Structure of an editorial

Structure of an Editorial             

Editorials are written according to a well-established formula.

v  Introduction - state the problem

v  Body - expresses an opinion

v  Solution - offers a solution to the problem

v  Conclusion - emphasizes the main issue

Additional tips on structuring your opinion story:

v  Lead with an Objective Explanation of the Issue/Controversy. Include the five W's and the H. Pull in facts and quotations from sources which are relevant.

v  Present Your Opposition First. As the writer you disagree with these viewpoints. Identify the people (specifically who oppose you). Use facts and quotations to state objectively their opinions. Give a strong position of the opposition. You gain nothing in refuting a weak position.

v  Directly Refute The Opposition's Beliefs. You can begin your article with transition. Pull in other facts and quotations from people who support your position. Concede a valid point of the opposition which will make you appear rational, one who has considered all the options.

v  Give Other, Original Reasons/Analogies. In defense of your position, give reasons from strong to strongest order. Use a literary or cultural allusion that lends to your credibility and perceived intelligence.

v  Conclude With Some Punch.  Give solutions to the problem or challenge the reader to be informed.
A quotation can be effective, especially if from a respected source. A rhetorical question can be an effective concluder as well. While it ridicules or makes fun of a subject with the intent of improving it.


How to write an opinion piece

Think of an opinion piece as a persuasive essay: the writer has an opinion or a point of view on an issue and he or she wants to convince the reader to agree. This is not as easy as it may seem.

1.      You must research your topic and find out what’s happening and what went on in the past.

2.      You must know the facts and be able to refer to them in your argument.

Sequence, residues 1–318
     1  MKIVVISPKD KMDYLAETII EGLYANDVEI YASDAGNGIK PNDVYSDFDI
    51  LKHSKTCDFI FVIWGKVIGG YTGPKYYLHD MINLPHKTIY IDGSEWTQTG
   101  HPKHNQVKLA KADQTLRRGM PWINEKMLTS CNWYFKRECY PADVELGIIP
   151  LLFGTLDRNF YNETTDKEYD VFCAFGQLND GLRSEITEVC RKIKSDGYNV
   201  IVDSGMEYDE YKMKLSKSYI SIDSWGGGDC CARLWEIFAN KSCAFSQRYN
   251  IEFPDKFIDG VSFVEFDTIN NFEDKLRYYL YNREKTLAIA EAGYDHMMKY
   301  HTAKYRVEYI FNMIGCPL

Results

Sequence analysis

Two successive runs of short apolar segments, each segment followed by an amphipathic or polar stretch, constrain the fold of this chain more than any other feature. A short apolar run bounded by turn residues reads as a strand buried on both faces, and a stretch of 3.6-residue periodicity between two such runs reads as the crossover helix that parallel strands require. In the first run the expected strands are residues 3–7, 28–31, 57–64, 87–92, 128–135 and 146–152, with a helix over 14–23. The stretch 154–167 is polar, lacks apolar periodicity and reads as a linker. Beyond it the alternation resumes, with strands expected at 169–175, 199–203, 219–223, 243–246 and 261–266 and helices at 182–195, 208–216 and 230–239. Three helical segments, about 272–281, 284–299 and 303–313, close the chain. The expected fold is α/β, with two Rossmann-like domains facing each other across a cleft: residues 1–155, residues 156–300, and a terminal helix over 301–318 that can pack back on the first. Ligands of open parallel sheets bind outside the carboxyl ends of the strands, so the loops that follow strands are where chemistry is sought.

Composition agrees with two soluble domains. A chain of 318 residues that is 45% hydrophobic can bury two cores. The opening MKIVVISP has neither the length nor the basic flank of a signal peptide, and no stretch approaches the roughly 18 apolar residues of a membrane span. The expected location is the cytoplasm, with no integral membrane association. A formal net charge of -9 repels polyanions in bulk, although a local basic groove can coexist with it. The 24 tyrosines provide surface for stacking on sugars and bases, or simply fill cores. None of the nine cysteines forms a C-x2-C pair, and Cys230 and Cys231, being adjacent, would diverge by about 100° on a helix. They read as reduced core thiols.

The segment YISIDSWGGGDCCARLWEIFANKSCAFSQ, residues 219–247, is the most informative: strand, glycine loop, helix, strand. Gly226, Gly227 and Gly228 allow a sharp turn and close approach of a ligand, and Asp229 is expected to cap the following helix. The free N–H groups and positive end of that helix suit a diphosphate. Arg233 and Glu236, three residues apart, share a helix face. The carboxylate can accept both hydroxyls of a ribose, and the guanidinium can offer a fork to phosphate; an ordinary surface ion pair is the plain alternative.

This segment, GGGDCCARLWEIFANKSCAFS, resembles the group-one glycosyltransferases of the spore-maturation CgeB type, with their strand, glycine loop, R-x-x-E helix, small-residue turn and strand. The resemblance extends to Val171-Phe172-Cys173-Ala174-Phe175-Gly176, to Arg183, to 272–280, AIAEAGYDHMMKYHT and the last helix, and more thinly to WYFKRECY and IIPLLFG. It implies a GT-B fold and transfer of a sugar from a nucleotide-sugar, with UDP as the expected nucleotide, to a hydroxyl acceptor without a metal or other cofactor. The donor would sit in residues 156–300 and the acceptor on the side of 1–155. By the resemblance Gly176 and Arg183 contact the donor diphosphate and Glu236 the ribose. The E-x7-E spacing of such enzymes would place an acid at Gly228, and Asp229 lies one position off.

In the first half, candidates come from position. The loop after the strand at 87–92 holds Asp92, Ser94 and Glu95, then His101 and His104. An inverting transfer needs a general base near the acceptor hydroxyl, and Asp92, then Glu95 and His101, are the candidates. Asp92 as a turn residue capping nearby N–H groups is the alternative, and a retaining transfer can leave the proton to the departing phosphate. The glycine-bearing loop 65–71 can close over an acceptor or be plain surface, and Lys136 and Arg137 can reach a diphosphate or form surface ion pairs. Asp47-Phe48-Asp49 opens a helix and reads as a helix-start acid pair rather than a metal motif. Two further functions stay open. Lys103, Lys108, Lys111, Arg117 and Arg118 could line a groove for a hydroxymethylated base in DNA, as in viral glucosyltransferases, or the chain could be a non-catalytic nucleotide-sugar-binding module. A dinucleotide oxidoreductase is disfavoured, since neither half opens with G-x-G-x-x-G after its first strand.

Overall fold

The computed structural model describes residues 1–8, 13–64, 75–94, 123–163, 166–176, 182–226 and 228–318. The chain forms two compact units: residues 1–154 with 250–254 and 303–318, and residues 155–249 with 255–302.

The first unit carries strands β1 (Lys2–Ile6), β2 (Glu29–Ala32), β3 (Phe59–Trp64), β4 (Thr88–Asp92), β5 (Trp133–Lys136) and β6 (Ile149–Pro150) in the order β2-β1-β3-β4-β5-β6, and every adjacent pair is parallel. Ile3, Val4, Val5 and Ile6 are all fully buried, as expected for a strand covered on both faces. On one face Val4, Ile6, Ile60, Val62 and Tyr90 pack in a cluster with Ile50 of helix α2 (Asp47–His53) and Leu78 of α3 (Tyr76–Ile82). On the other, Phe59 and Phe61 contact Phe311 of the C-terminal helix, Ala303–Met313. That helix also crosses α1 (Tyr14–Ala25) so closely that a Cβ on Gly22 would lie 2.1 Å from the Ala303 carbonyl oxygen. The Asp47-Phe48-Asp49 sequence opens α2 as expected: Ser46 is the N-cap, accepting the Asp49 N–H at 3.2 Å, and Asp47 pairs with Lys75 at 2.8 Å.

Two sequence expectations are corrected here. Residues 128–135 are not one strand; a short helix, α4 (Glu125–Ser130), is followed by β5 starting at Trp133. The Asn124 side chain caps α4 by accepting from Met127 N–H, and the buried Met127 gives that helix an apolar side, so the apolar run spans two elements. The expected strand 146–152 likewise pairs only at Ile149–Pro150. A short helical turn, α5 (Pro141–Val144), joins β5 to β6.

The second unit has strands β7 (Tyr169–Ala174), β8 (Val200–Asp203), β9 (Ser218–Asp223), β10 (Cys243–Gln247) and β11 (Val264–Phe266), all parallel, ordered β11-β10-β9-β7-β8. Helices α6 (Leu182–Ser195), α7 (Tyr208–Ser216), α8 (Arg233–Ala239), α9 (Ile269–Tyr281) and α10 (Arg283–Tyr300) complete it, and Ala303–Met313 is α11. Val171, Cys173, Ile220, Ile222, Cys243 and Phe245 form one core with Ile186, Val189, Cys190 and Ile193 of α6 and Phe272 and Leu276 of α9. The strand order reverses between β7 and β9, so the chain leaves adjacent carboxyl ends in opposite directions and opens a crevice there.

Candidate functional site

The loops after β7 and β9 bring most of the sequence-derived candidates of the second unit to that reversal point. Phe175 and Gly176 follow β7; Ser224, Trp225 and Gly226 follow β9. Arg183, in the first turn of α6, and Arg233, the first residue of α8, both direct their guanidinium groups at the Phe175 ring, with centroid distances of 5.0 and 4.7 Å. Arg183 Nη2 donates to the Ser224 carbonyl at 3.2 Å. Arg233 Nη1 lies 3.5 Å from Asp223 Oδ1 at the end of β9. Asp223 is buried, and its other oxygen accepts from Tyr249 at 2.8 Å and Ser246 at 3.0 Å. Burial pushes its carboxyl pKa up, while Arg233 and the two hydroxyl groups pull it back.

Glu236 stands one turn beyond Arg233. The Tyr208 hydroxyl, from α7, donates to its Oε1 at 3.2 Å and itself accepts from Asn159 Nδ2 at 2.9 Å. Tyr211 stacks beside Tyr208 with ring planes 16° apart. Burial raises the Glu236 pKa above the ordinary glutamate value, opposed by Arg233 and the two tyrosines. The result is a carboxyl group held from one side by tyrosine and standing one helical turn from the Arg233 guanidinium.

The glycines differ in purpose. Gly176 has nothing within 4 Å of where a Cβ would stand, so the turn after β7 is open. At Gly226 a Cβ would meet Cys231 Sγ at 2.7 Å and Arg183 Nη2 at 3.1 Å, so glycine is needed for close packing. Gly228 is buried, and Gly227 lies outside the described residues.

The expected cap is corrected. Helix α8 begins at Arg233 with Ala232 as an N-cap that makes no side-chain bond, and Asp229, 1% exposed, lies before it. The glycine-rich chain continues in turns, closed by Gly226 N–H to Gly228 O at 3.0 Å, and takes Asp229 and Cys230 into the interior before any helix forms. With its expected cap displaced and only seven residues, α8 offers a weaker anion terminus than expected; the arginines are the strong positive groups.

Pretend you are a lawyer and you are making a case before a jury. You will want to convince the members of the jury to believe that your client is right . Therefore you need to present as much evidence as you can that proves the point. You do the same when you write a column or editorial. Here’s an example:

Suppose you want to write an editorial supporting capital punishment. You want to convince your readers that someone who commits murder should receive a death sentence. The first thing you have to do is start collecting the facts.

o   When did Canada put an end to capital punishment? What were the arguments used to do that?

o   When did people start talking about re-introducing the death penalty?

o   What cases have prompted debate on this issue? What examples can they find to support their argument for capital punishment?

You must also consider the other side of the argument.

o   What would people who oppose the death penalty say?

o   How would they respond to their points?

3.      Start your editorial with a basic premise or theme.

4.      Use facts and details to back up your opinion and help you make your case.

5.      Leave your readers with a lasting impression -- a strong point that will make them consider your point of view.

6.      Don’t preach to the reader. A good editorial will make readers take notice of the situation and form their own opinions on the issue.